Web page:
1 Corinthians 12:25-26
That there should be no schism in the body; but that the members should have the same care one for another.…
St. Paul was thinking mainly of moral, not of physical, sufferings. The Church at Corinth had been guilty of grave crimes which ought, he contends, to be felt as a misfortune weighing upon all. Does our estimate of crime correspond to the spirit of these words? It is notorious that our interest in a great trial is just that we feel in a novel. It is very interesting, very horrible, but we have nothing to do with it. We observe the criminal as if he were a wild creature in the Zoological Gardens; and then when he is convicted and sentenced we say, "He is rightly served; let us have no maudlin sentimentality; society is well rid of the rascal." And so we shut up our novel and fall back on tamer subjects — our everyday duties — till some new excitement presents itself. Now is this justifiable, Christian or warranted by the facts? Note —
I. THE PRINCIPLES WHICH OUGHT TO GOVERN A CHRISTIAN'S THOUGHT IN HIS ESTIMATE OF A GREAT CRIMINAL CASE.
1. Every criminal is, to a certain extent, the product of the spirit of the society in which he has passed his life. Just as certain marshy districts are favourable to the growth of noxious insects or diseases, so particular moods of popular feeling are favourable to the growth of crime. Of course no criminal is altogether the helpless unconscious victim of his circumstances. A man's free will is never necessarily enslaved by anything external to himself. Yet most of us are largely governed by the influences amidst which we pass our lives. For many to breathe an atmosphere of moral corruption is to become almost inevitably criminal. Now who is responsible for this atmosphere? "Not I" would be the answer of most of us, and no doubt we have not contributed directly to this or that particular crime; but have we contributed nothing to that state of feeling which makes the crime natural to the criminal? Nay, there is a general stock of moral evil in the world to which we all contribute by the sin we commit just as every small house in London does its little something to thicken the air. And this touches us all like the common atmosphere we all breathe. If one suffer, therefore, all of us should suffer with him.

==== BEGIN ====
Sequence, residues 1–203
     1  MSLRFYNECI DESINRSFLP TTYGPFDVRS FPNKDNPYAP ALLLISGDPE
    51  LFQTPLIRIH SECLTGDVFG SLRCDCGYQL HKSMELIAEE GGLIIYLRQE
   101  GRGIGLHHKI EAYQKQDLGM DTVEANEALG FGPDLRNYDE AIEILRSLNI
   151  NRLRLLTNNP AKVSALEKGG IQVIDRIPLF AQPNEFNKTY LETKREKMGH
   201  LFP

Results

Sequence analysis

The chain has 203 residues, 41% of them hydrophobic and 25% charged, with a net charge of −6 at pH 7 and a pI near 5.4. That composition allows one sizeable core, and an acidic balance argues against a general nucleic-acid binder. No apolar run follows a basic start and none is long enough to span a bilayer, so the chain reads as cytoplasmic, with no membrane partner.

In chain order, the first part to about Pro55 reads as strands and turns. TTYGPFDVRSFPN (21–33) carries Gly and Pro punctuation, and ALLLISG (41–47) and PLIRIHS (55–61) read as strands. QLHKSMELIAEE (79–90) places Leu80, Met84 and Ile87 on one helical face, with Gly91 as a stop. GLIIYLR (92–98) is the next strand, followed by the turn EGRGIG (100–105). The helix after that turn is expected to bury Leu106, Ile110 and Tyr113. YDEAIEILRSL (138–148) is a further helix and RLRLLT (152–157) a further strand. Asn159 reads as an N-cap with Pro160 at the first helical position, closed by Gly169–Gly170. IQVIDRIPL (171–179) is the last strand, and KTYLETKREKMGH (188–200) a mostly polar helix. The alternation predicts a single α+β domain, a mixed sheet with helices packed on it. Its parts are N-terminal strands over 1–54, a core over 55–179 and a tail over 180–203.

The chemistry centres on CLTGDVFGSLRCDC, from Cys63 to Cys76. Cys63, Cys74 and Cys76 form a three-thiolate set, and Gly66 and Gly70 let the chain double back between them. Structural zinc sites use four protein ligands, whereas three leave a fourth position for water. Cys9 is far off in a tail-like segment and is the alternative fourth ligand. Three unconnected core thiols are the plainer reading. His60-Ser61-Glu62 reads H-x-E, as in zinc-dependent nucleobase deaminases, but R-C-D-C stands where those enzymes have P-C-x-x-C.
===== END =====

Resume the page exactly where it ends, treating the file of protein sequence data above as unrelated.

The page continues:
2. All guilt is relative to a man's opportunities in the sight of God. Our Lord insists again and again that a man's responsibility exactly corresponds with his opportunities of knowing what is right. "Woe unto thee, Chorazin," etc. "To whom much is given," etc. This we practically ignore. We think of the poor man who has been denied our advantages as if he had acted from the same level of knowledge, etc., that we occupy. But his grave crime may, in him, mean less unfaithfulness to light and grace than what we deem our little peccadilloes. If we kept this in mind when one member suffered we should all suffer with him.
3. There should be a deep sincere conviction of our own condition as sinners before God; we shall then have no heart to be hard on others. Our own capacity for evil is only checked by the grace of God. "If it were not for the grace of my Maker," says St. , "I should have been the worst of criminals."
II. WHAT HAVE BEEN, WHAT OUGHT TO BE THE EFFECTS OF THIS CHRISTIAN WAY OF LOOKING AT CRIME?
1. The softening of the penalties of criminal law. The conscience of society stays its hand with the whisper, "Who art thou that judgest another?"
2. Constant efforts to cut up its roots by schools, reformatories, Christian charity, etc.
3. The resolve to live nearer to God ourselves. We cannot influence legislation, or found institutions for the reformation of criminals, but we can all do something within our own souls which will help to purify the corrupt moral utmost, here.
Parallel VersesKJV: That there should be no schism in the body; but that the members should have the same care one for another.